TxM 022 Section 2.5 What is a precision taxonomy? Created by James on 6/26/2013 7:43:33 PM
Having defined Taxonomy, Strategic and Engineered we are left to define "Precision". What is a "Precision Taxonomy"?
1. A world of precision -- the screw metaphor
In the previous section reference was made to the organization of screws in a hardware store.
In the event that you require, for example, 30 mm, 8 gauge, countersunk head, slotted, brass plated wood screws in order to fasten hinges to a door you expect to walk into the hardware store and find the screws all neatly ordered in containers organized in terms of ALL the above attributes.
You expect to find the screws corresponding to all those attributes arranged so that ONLY ONE SCREW TYPE is contained in every container.
If you were presented with a large drum and told to tip the contents out because the screws you wanted were "certainly in there" you would turn around and go to another hardware store.
In the information context -- for "large drum" read "large spreadsheet".
A precision taxonomy has discrete information bins for every possible combination of attributes that can possibly occur.
2. Precision language and abbreviations
As discussed in the definition of a Taxonomy, a Taxonomy is a "semantic", that is a "word" structure that describes a particular range of information.
In order to do this we require precision language and, since we cannot always fit a complete language statement into a single description a precision Taxonomy quite frequently requires the use of abbreviations.
Assuming the taxonomy is being developed in English the taxonomist MUST have excellent command of English. If they are developing for another language they must have excellent command of that language. For the purposes of this article I will assume that English is the target language.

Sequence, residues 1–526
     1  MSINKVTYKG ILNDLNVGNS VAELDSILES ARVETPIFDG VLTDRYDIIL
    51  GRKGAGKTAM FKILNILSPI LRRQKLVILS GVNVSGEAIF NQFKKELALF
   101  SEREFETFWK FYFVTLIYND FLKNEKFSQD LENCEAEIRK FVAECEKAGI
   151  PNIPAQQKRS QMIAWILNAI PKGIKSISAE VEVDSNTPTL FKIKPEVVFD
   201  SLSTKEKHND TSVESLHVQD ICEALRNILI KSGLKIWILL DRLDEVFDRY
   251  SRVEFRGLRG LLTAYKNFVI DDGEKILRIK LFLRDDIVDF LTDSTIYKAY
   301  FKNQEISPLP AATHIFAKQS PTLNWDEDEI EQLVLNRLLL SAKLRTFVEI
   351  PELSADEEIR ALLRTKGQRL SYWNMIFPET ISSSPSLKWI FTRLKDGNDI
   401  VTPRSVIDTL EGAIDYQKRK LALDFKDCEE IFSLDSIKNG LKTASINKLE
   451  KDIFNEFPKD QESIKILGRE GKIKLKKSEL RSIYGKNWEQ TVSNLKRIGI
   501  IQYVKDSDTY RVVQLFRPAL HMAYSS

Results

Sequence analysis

"Factory" is NOT the same as "manufacturing" one of the semantic errors that I frequently encounter.
The languaging of the entire hierarchy down to the level of the posting line builds an English phrase that more fully describes the detail of what should be posted to the lowest level in the hierarchy.
The choice of language must be lucid and NOT subject to interpretation. Ten people should interpret the hierarchy the same way.
Where alpha-numeric coding is used codes should, as far as possible, be mnemonic – i.e. the code letters should correspond to the letters of the words in the line of the hierarchy that is being coded.
Knowledge of the difference between vowels and consonants, verbs and nouns is all necessary in selecting the words and code letters to use.
Note also that with precision hierarchies the headings in the hierarchy become the headings on reports, graphs and models thus doing away with the need to manually code such items. Thus the wording must be chosen, not just for the purposes of ease of interpretation by the person posting but also with regard to ease of interpretation for the person querying the data.
3. Precision hierarchies
As noted previously, hierarchies should be structured with ideally between five and nine line items at any level of the hierarchy.
Constructing this language again requires an intimate understanding of the language being used AND the concepts behind the language so that appropriate and practical groupings can be selected.
Frequently the taxonomist will be called on to split lists of more than nine items into two categories or groups and to combine lists with less than five items into one group. Frequently this can require mental semantic and logical gymnastics in order to arrive at sub-lists that make sense to all the people using the Taxonomy.
Once complete all the people reading a Taxonomy should look at it and have an "Aha moment", that is, they should look at the Taxonomy and say "Yes, that is obvious, that is my business" – in all my experience of doing Taxonomies over more than twenty years it has consistently been my experience that what seems obvious at the end was far from obvious at the beginning and has taken FAR MORE time and effort to achieve than seems reasonable to those who were not involved in the semantic and logical manipulation required to arrive at a really high quality taxonomy.
4. Model the real world